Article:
The present study investigates the effects of ambient free-stream turbulence (FST) on the momentum and heat transfer in a spatially developing, turbulent flat-plate boundary layer via large-eddy simulations using the ADM-RT model. Due to a local turbulence intensity Tu of 7% in the free stream, the skin-friction coefficient cf and Stanton number St are substantially elevated up to 25% and 32%, respectively, in the fully turbulent region (Reτ=300). This observation is in qualitative agreement with earlier experimental studies. Moreover, the Reynolds analogy factor is found to increase with the FST intensity Tu. The depression of both mean velocity and temperature profiles in the wake region due to FST is observed. In addition, the pre-multiplied spanwise spectra show that the outer peak residing in the logarithmic region in the case without FST is replaced by a new peak located near the boundary layer edge with a spanwise scale of about 3-4δ95. It is suggested that these large-scale events and their imprint throughout the boundary layer cause the elevation of both the skin friction and heat transfer on the solid surface.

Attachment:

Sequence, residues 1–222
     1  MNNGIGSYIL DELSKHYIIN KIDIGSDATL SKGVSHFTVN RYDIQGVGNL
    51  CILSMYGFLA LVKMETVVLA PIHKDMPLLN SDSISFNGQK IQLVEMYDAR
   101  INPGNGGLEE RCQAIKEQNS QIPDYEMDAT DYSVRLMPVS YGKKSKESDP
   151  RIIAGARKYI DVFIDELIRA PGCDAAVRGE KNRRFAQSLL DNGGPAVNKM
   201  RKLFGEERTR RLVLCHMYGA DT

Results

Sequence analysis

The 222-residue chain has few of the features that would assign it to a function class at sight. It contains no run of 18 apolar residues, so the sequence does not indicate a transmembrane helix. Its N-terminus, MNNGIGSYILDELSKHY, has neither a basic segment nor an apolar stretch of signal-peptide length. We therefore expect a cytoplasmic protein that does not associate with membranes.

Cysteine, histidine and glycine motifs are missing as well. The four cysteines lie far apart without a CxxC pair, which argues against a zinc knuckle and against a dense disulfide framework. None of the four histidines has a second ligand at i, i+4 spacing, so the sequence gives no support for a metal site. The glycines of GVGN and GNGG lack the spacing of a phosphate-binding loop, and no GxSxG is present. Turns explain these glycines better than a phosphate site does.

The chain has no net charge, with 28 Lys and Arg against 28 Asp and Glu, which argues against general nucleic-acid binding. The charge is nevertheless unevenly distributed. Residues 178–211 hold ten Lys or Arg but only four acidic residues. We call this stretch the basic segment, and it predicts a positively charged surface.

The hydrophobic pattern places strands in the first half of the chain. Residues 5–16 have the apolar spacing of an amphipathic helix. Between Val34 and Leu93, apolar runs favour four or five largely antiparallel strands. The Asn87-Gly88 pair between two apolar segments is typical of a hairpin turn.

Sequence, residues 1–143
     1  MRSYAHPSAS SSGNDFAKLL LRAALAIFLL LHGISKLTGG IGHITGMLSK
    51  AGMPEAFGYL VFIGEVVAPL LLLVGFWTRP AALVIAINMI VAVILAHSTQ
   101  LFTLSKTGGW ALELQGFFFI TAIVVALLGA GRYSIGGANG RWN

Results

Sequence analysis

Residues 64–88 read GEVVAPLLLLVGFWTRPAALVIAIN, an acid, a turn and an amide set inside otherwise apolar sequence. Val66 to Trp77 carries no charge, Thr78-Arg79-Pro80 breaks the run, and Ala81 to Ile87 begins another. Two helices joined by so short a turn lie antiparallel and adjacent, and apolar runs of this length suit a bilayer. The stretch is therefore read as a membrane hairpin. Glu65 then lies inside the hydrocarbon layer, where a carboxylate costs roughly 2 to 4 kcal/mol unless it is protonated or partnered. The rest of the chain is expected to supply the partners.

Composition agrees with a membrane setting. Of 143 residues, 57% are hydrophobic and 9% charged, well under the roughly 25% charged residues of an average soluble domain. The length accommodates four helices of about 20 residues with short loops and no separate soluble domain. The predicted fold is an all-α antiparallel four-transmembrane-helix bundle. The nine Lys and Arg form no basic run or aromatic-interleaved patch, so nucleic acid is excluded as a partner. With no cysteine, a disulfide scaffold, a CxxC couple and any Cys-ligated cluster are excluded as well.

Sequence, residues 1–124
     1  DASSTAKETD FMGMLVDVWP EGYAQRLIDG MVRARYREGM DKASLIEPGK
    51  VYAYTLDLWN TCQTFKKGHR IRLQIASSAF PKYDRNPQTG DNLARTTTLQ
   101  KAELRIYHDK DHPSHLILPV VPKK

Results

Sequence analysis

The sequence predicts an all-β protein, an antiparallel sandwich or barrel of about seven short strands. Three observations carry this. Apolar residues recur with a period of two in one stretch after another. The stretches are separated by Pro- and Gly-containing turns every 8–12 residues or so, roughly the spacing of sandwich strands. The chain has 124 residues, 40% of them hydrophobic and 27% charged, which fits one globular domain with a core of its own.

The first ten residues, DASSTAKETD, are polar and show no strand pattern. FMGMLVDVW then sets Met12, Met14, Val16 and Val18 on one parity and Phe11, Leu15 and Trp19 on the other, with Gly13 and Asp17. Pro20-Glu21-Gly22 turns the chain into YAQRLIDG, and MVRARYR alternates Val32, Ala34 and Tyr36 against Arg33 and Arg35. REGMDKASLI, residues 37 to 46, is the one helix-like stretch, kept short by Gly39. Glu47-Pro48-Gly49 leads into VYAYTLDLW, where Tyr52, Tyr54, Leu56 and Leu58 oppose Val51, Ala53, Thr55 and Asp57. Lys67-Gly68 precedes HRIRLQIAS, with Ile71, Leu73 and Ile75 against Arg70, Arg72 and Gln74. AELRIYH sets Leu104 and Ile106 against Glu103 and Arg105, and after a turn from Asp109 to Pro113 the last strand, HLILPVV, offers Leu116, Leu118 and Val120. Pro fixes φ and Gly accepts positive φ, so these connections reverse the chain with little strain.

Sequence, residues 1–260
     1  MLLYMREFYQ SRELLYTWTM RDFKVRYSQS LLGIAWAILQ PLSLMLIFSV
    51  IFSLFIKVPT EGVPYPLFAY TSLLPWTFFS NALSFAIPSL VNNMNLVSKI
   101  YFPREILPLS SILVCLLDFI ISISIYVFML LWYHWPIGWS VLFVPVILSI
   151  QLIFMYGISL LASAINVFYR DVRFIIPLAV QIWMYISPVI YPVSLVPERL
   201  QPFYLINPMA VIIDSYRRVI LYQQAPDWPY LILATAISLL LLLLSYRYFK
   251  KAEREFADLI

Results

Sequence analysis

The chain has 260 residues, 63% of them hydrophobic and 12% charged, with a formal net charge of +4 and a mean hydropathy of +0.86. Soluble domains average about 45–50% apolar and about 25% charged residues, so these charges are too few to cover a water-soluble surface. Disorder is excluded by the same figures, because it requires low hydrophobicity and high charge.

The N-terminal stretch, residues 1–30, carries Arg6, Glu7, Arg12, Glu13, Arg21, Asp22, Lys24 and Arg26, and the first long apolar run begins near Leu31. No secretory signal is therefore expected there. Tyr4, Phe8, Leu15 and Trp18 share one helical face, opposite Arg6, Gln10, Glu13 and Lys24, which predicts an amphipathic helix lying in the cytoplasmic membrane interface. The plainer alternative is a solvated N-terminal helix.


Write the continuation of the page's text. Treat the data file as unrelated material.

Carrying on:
Keyword
free-stream turbulence (FST), large-eddy simulation (LES), heat transfer, turbulent boundary layer
National Category
Engineering and Technology
Identifiers
urn:nbn:se:kth:diva-25546 (URN)10.1080/14685248.2010.521505 (DOI)000283368600001 ()
Note
QC 20101026Available from: 2010-10-26 Created: 2010-10-26 Last updated: 2017-12-12Bibliographically approved
5. Comparison of SGS models for passive scalar mixing in turbulent channel flows
Open this publication in new window or tab >>Comparison of SGS models for passive scalar mixing in turbulent channel flows
2010 (English)In: Proceedings of Direct and Large-Eddy Simulation VIII: Eindhoven, The Netherlands, 2010, 2010, 131-136 p.Conference paper, Published paper (Refereed)
Series
ERCOFTAC Series, ISSN 1382-4309 ; 15
National Category
Fluid Mechanics and Acoustics
Identifiers